The second volume of Operative Standards for Cancer Surgery, a collaborative manual from the American College of Surgeons (ACS) and the Alliance for Clinical Trials in Oncology, is now available for print and electronic purchase. This volume of the manual focuses on thyroid cancer, gastric cancer, rectal cancer, esophageal cancer, and melanoma, and is a follow-up publication to Volume 1, which covered cancer of the breast, colon, lung, and pancreas.
The goal of Volume 2 remains the same as it was for Volume 1—to recommend the steps that need to occur in the operating room, from skin incision to skin closure, to ensure the best oncological outcomes for patients. Recommendations from these two volumes will serve as an initial discussion point for the ACS Commission on Cancer (CoC) as it works to revise its accreditation manual and requirements. Preliminary work is being done to incorporate a portion of the recommendations into the new CoC standards for implementation by 2020.
The recommendations offered by Volume 2 are part of a shift in the way surgeons perform cancer operations to ensure the procedures are guided by the strongest-available evidence, according to the leadership of the Alliance/ACS Clinical Research Program (ACS CRP) Cancer Care Standards Development Committee, which led development of both manuals. Until recently, little critical effort had been made to define standards for the technical conduct of cancer operations.
“Unfortunately, we’ve found that some of the things that surgeons accept as gospel don’t necessarily have the best evidence behind them,” said Nirmal Veeramachaneni, MD, FACS, Vice-Chair, Cancer Care Standards Development Committee. “This project has exposed that deficiency and has offered avenues for investigation moving forward. It makes us rethink and question everything,” he said.
The history of breast cancer treatment provides an example of a lack of evidence-based treatment strategies. In the late 19th century, surgeons performed radical mastectomies, which entailed removing the patient’s entire breast as well as the underlying chest muscle, Dr. Veeramachaneni explained. This was a rather aggressive procedure, but “we used to think that doing more led to better outcomes,” he said. By the 1970s, however, surgeons were performing less extensive operations, which represented a dramatic change of course.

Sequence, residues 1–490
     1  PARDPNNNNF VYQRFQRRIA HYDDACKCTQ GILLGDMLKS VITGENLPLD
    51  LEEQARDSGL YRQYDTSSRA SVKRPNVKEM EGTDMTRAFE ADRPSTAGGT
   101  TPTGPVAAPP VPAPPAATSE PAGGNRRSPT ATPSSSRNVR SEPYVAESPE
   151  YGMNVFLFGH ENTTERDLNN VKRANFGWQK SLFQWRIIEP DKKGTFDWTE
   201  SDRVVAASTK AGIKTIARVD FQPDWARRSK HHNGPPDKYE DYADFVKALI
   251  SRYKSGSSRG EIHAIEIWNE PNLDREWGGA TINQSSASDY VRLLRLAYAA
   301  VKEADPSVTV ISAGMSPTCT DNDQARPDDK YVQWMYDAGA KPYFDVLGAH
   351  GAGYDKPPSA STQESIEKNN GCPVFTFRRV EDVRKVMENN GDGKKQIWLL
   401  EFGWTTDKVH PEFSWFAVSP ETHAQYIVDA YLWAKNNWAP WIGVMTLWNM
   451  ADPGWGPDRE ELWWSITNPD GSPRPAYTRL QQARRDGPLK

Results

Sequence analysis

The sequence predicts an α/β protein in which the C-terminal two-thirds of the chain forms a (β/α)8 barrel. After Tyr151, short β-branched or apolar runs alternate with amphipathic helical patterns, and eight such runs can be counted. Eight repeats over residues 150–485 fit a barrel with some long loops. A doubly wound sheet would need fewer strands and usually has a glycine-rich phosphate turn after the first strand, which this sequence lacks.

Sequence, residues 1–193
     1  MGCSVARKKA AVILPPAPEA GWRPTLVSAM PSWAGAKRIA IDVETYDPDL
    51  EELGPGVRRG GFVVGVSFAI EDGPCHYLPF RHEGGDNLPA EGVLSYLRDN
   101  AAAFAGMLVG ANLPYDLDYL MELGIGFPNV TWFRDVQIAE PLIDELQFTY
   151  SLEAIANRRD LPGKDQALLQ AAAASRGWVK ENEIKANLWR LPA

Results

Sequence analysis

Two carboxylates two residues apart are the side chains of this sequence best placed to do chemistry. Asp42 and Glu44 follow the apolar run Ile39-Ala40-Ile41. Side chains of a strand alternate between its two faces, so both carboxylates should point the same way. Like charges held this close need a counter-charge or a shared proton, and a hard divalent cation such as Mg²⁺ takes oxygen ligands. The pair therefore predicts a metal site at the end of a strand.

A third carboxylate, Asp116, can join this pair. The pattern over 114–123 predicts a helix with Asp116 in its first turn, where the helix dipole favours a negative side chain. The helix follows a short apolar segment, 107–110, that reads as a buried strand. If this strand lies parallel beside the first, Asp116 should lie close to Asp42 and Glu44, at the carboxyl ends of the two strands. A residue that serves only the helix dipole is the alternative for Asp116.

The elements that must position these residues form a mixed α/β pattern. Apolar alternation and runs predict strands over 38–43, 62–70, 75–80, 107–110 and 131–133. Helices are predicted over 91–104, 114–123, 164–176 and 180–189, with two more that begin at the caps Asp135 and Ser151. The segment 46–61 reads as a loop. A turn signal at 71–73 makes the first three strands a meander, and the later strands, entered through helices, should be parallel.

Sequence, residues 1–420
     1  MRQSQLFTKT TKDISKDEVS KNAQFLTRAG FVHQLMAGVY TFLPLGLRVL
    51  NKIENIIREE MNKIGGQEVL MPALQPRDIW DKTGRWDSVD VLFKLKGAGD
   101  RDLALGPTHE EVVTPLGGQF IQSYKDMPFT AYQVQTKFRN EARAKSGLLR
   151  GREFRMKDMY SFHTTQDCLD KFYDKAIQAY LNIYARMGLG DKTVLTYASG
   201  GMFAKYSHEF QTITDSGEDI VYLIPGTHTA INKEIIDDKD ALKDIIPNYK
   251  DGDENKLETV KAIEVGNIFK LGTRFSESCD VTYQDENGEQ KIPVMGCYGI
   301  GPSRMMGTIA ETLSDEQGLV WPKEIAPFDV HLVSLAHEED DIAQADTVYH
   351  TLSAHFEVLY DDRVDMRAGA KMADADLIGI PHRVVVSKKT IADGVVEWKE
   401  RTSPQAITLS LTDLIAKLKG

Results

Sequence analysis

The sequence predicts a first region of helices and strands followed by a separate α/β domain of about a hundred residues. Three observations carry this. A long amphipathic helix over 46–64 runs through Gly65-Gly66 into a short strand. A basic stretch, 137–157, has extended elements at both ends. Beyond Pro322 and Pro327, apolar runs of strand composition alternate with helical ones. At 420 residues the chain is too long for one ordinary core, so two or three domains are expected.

Matthew H.G. Katz, MD, FACS, Chair, Cancer Care Standards Development Committee, agreed that the way surgeons are taught to perform certain procedures is not always based on evidence. The goal of this manual is to define standards for how these procedures should be conducted to maximize survival and quality of life after the operations.
Volume 2 breaks down the major cancer operations for each of the five disease sites into critical steps, which teams of experts and stakeholders around the country identified as having the most significant influence on outcomes, Dr. Katz said. Then, the teams determined how each step should be performed based on a review of available literature and expert opinion. The teams also identified key questions (areas of controversy) for each site related to the technical aspects of how the operations should be performed. Dr. Katz said these questions could be used as the basis for future clinical trials.
Drs. Katz and Veeramachaneni believe their committee has more work to do in the ongoing process of improving cancer operations and outcomes. The CoC is in the process of rewriting its standards this year, and the technical recommendations in this manual will likely be part of those discussions, Dr. Katz said. A third volume of the manual focusing on seven additional disease sites is expected to be released within the next few years.
“We hope that the recommendations become actively used and achieve greater legitimacy,” Dr. Katz said.
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